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The Works of Richard Hooker Bks. 6-8

The Works of Richard Hooker( )
Author: Hooker, Richard
Hill, W. Speed
Editor: Stanwood, P. G.
ISBN:978-0-674-63210-3
Publication Date:Jan 1981
Publisher:Harvard University Press
Imprint:Belknap Press
Book Format:Hardback
List Price:USD $245.00
Book Description:

The writings of Richard Hooker are of central interest to those studying English Renaissance thought and literature. In this, the third volume of a much-needed critical edition of the Works of Richard Hooker, are the posthumous books of the Laws of Ecclesiastical Polity. Hooker planned the Laws in eight books, but he died shortly after publication of Book Five. Books Six, Seven, and Eight, which contain his analysis of jurisdiction, episcopacy, and the royal...
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Book Details
Pages:728
Detailed Subjects: Religion / Religion, Politics & State
Religion / Christian Church / General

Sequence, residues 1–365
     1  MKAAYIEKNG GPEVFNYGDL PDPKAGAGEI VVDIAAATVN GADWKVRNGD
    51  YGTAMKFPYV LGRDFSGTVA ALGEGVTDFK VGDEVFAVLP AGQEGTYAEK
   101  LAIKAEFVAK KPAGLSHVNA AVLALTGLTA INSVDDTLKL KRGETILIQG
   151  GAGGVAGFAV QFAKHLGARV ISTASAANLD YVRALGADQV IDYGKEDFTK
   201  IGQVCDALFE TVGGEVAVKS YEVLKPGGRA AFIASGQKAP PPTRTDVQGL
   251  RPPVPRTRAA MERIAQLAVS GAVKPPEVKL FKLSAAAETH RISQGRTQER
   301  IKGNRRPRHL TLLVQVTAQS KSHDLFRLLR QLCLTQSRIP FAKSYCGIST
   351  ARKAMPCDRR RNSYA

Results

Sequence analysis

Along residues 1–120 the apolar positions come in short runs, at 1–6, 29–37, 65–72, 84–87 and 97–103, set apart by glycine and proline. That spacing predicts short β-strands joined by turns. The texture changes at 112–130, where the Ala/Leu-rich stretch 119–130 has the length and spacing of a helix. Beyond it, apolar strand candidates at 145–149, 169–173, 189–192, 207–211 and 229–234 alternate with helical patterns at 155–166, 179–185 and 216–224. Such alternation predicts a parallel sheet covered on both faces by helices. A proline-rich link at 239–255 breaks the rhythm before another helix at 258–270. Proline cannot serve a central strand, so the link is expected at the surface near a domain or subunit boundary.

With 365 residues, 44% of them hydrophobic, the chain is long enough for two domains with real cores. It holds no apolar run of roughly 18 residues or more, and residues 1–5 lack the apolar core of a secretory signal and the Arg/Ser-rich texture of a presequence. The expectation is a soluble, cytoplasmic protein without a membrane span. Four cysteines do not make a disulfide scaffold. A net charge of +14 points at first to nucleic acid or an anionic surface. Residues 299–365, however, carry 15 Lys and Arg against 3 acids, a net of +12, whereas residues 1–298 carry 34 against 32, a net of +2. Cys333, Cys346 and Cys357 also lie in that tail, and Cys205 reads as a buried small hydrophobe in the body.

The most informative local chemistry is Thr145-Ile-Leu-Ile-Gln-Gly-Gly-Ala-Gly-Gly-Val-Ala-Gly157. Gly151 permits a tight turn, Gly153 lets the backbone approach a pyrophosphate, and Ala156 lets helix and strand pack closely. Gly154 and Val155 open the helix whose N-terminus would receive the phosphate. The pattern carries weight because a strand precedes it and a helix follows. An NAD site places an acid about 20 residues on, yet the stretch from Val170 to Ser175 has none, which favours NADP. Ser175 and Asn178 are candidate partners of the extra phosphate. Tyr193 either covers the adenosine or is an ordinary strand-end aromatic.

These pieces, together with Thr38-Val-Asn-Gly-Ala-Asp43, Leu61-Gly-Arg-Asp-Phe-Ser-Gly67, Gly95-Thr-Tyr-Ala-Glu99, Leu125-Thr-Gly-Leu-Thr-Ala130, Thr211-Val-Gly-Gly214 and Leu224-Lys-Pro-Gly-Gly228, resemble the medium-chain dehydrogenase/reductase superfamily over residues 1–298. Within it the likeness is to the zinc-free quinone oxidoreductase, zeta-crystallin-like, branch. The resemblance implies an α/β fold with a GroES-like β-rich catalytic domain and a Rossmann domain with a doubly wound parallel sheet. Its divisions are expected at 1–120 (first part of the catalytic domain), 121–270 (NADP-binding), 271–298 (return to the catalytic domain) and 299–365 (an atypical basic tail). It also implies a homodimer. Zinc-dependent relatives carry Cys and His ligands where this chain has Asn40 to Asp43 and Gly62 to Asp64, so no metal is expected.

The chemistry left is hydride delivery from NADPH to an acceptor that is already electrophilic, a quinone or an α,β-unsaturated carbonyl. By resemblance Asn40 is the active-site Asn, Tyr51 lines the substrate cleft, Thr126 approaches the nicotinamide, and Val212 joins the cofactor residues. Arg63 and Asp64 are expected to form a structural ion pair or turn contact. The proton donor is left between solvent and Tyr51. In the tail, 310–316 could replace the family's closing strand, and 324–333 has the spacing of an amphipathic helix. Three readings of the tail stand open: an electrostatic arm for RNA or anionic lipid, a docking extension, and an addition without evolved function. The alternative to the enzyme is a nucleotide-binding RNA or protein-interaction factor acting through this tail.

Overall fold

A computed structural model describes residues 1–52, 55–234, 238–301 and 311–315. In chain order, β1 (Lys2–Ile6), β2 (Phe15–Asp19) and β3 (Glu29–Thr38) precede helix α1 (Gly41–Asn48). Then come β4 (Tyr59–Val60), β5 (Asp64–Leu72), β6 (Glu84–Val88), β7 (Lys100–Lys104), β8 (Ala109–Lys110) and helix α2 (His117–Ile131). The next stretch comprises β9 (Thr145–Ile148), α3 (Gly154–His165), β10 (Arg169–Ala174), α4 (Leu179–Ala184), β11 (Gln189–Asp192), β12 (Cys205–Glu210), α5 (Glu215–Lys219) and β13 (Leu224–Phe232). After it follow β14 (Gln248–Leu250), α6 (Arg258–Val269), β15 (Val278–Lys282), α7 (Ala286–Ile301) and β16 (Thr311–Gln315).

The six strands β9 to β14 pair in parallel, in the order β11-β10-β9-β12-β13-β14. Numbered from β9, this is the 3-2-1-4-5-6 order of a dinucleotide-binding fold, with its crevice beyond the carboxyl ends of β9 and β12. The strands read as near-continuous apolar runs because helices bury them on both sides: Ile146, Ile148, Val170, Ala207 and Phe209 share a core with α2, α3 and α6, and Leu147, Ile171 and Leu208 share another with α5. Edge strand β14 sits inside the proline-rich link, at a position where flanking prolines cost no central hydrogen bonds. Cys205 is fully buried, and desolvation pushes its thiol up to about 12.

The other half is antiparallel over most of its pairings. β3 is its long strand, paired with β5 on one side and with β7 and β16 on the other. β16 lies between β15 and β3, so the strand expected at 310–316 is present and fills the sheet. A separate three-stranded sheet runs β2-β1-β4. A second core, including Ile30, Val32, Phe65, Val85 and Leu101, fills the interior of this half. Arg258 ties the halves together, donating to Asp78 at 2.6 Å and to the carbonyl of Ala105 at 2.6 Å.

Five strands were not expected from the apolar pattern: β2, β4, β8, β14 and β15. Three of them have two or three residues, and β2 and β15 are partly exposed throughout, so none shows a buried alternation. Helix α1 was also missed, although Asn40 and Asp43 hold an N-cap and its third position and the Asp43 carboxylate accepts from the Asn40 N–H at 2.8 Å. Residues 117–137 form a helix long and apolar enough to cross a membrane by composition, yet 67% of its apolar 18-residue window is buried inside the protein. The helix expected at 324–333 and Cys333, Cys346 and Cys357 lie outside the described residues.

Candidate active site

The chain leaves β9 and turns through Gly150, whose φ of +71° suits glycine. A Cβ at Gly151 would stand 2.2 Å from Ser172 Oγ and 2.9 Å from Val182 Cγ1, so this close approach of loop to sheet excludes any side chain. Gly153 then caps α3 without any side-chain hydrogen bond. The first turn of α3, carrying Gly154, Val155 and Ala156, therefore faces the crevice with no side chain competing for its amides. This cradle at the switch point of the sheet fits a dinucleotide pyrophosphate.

Physical Dimensions (W X L X H):6.162 x 9.477 x 1.666 Inches
Book Weight:2.521 Pounds
Author Biography
Hooker, Richard (Author)
Richard Hooker was born around March 1554 in Exeter, England. Born of a humble family, Hooker was able to attend Oxford University due to his patron, John Jewel. He took holy orders in 1581, becoming a clergyman in the Church of England. In 1585 he was named master of the Temple, a position he held until 1591. He married in 1588 and eventually moved in with his father-in-law, where he began writing his major work.

Hooker's masterpiece, an eight-volume set called Of the Laws of Ecclesiastical Polity, recounts the strife involving the admonition controversy, a doctrine calling for radical reforms in the Church of England. Hooker's work is a reply to the admonition controversy and to the Roman Catholic Church where he defended the current state of the Anglican church. Hooker generally allowed the scripture to speak for itself concerning his views of the church, but he also relied on tradition and common sense.

Richard Hooker became vicar of Bishopsbourne in 1595. Some feel that while he drew his salary as the vicar, he actually allowed a lesser clergyman to perform his duties, a practice known as pluralism. He died there on November 2, 1600.

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